In addition to dance, we also have performances of humorous works by the comedy actor Patrice Thibaud. He is not a dancer, so it may seem a bit strange that he is performing at a theater dedicated to dance, but it is a message from me to our audiences that laughter is necessary in life, so you don’t need to refrain from laughing. I don’t think there is any conflict involved in having audience laugh at Thibaud’s performances and then having Maguy Marin on the same season’s program. I want to create an atmosphere where people don’t feel reluctant to laugh at a performance in our theater because of the idea that contemporary dance or contemporary art have to be serious.
There are many approaches employed in dance today, and there is no reason that people should have to see the same style of dance works all year long. People should be able to see a variety of different dance styles, the greater the difference, the richer their sense of perception toward dance will become. This is because different dance works demand of the viewers different interpretations and ways of relating to the work. So I want our audiences to be receptive to the full range of responses dance can induce, from surprise, laughter and tears to contemplation. I want the people who come to Maison de la Danse to experience a variety of different emotional responses.
We always have to be fair in our relationship with our audience. The audience is paying to see the performances, and Maison de la Danse receives public funding. We also have the responsibility to offer artistic education for children and young people. So, my approach is a democratic one, and I am always thinking about who are activities are intended to reach.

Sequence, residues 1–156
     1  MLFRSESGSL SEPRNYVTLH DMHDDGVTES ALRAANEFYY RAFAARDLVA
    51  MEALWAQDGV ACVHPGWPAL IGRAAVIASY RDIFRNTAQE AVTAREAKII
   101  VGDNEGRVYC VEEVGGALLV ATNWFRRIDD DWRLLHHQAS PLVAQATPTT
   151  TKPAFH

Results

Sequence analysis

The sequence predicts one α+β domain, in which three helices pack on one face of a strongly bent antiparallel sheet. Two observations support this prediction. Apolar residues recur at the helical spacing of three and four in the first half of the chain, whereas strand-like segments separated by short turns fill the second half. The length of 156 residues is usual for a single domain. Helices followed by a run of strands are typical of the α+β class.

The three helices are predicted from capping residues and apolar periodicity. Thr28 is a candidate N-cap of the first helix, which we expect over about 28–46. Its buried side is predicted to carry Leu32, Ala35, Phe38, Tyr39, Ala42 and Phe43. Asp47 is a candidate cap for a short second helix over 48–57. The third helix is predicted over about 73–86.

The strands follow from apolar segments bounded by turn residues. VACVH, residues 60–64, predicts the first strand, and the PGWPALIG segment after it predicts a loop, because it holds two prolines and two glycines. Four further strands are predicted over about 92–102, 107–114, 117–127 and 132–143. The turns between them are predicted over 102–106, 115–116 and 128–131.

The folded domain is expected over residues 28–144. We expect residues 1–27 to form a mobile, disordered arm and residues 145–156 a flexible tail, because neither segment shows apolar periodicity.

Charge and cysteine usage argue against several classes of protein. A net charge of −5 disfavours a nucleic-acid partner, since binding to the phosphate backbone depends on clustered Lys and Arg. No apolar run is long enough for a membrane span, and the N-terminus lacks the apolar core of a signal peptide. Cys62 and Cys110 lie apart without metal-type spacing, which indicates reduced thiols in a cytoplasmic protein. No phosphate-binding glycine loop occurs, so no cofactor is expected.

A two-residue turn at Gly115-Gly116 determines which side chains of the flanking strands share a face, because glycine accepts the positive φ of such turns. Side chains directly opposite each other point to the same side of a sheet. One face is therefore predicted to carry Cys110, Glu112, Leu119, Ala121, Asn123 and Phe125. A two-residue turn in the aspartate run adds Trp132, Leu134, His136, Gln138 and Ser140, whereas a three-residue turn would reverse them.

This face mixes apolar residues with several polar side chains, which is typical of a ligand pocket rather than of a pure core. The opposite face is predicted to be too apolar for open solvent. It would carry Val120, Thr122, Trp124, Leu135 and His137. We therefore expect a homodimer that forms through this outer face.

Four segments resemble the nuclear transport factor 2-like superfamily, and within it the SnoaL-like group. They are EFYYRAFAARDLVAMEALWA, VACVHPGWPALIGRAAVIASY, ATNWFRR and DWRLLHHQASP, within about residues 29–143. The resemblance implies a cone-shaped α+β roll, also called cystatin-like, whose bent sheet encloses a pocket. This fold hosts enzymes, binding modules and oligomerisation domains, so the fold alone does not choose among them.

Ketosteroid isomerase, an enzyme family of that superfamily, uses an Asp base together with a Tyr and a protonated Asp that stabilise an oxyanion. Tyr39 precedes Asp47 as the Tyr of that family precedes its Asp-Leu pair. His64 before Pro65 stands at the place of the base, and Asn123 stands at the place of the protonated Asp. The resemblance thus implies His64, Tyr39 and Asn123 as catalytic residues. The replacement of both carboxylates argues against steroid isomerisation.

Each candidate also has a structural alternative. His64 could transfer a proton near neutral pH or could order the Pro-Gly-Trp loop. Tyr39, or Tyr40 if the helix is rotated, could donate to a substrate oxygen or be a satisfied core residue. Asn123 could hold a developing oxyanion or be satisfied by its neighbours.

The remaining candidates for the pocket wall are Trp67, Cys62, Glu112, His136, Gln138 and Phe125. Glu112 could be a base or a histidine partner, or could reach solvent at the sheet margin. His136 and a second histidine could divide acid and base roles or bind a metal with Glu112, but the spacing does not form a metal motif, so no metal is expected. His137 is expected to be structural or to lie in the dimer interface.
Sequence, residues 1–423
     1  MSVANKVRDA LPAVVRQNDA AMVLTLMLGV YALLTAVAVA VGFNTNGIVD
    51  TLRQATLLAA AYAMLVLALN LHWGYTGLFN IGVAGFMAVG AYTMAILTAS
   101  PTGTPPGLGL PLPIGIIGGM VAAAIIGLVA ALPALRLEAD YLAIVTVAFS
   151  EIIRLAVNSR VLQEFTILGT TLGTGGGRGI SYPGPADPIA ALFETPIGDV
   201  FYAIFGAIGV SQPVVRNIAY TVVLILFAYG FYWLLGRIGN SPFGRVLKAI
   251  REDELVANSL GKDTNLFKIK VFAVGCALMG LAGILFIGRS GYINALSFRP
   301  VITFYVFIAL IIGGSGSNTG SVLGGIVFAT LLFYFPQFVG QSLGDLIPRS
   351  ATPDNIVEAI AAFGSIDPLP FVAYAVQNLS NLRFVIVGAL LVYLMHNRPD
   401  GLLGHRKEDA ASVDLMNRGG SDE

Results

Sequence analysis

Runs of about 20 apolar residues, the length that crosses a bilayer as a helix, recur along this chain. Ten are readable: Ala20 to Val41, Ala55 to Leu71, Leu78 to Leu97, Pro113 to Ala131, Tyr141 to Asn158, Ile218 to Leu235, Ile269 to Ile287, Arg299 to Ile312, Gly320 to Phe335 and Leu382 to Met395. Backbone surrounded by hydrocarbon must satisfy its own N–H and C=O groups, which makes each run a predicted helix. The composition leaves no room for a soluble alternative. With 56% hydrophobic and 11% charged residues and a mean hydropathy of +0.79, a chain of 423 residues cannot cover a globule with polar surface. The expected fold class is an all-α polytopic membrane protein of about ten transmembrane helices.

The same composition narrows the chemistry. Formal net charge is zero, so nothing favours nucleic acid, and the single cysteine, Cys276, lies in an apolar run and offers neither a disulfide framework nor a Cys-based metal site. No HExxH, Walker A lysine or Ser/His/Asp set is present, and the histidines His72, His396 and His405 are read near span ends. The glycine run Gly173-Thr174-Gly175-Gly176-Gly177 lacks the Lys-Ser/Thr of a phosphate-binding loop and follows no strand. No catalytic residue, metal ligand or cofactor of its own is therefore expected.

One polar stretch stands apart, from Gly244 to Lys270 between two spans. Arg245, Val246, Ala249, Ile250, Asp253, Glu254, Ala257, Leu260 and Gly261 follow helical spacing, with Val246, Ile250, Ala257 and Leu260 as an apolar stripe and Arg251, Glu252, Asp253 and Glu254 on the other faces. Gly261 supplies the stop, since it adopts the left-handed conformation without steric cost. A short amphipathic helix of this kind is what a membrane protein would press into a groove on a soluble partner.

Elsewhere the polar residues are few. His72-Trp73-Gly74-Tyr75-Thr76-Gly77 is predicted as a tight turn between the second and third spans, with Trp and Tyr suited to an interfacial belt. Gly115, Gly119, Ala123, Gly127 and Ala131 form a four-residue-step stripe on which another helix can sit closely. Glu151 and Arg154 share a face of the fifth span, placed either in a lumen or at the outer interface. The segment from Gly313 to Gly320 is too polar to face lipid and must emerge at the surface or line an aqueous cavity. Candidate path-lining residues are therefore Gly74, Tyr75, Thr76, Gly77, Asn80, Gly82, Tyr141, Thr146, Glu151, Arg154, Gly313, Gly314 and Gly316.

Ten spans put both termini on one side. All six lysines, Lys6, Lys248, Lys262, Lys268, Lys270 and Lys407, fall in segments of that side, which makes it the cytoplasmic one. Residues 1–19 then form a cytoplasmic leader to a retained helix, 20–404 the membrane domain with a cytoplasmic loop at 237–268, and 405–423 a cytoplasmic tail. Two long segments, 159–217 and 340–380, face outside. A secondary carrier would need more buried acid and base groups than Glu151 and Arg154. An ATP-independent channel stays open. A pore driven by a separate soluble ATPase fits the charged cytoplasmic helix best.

What meaning or significance do you think there is today in people seeing dance?
I believe that about 60% of the audience that comes to see dance is people looking primarily for entertainment. It is a diversion that lets people escape from the everyday and enter a world that is more of the senses. In that case, seeing dance is not something based on a prior depth of learning or a delving into some deep abyss. But I don’t look down on that desire for entertainment. Isn’t it understandable that on Friday evening after a busy week of work you don’t want to start reading Marx, do you?
The important thing is that this element of enjoyment remains connected to the art. It is also important for children, so I believe that their first experiences of art should involve such enjoyment. This enjoyment is not devoid of intelligence or knowledge, and it is something that intuitively becomes a source of motivation and the power to find value in the time they live. And the important thing is to implant the seeds of curiosity in this enjoyment or entertainment. For children, enjoyment connects automatically to getting to know something. The same thing can be true with adults. Even if we know what kind of ballet Sleeping Beauty